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Reintroduction of Border Controls in the Schengen Area - ACELG - University of Amsterdam, Online

De letters WWW staan op het scherm
Kevin Bergenhenegouwen
datum 26 januari 2021 13:00 - 14:00
locatie Online Toon locatie
organisatie Universiteit van Amsterdam (UvA)

In 2015 several EU Member States reintroduced controls at their internal borders as a response to the rising number of asylum applications in the EU. More than five years later, these controls are still in place. An analysis of the law and practice of reintroduction of border controls may tell us how borders are perceived in the area without internal borders.

Detail Summary

Date

26 January 2021

Time

13:00 -14:00

Organised by

Dr Stefan Salomon

Registration

To register for this online lecture, please email acelg@uva.nl and the zoom link will be sent to you. Thank you.

Dr Stefan Salomon

Abstract

In 2015 several EU Member States reintroduced controls at their internal borders as a response to the rising number of asylum applications in the EU. More than five years later, these controls are still in place. An analysis of the law and practice of reintroduction of border controls may tell us how borders are perceived in the area without internal borders. In this presentation I advance a twofold argument. First, I argue that, unlike earlier instances of reintroduction of border controls in the Schengen Area, border controls since 2015 expanded considerably in duration and number and that Member States’ justification for reintroducing controls at their internal borders reveals a dialectic of interiorising the functions of the external border. Second, I challenge the common assumption in EU legal scholarship that, historically, cooperation in the Schengen area developed as intergovernmental and that these remnants still shape cooperation today. Instead, I argue that historically the development of the area without internal borders was linked to Union citizens, which is reflected in the current Treaty framework. Emphasising the linkage between the abolition of border controls and Union citizenship seeks to reframe the legal debate from a focus on irregular migration to the negative effects on Union citizens.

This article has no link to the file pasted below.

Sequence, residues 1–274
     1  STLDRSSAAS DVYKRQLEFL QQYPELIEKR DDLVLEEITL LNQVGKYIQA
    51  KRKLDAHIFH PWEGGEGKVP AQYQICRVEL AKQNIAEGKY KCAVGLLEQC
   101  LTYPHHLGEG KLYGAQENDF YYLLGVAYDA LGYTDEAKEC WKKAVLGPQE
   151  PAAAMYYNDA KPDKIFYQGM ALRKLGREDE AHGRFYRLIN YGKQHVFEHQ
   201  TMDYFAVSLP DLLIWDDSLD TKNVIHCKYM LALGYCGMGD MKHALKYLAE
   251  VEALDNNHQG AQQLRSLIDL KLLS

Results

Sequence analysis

This lecture is part of the Territorialities and Sovereignties project.

Speaker

Stefan Salomon is assistant professor at the European Studies Department at the University of Amsterdam.


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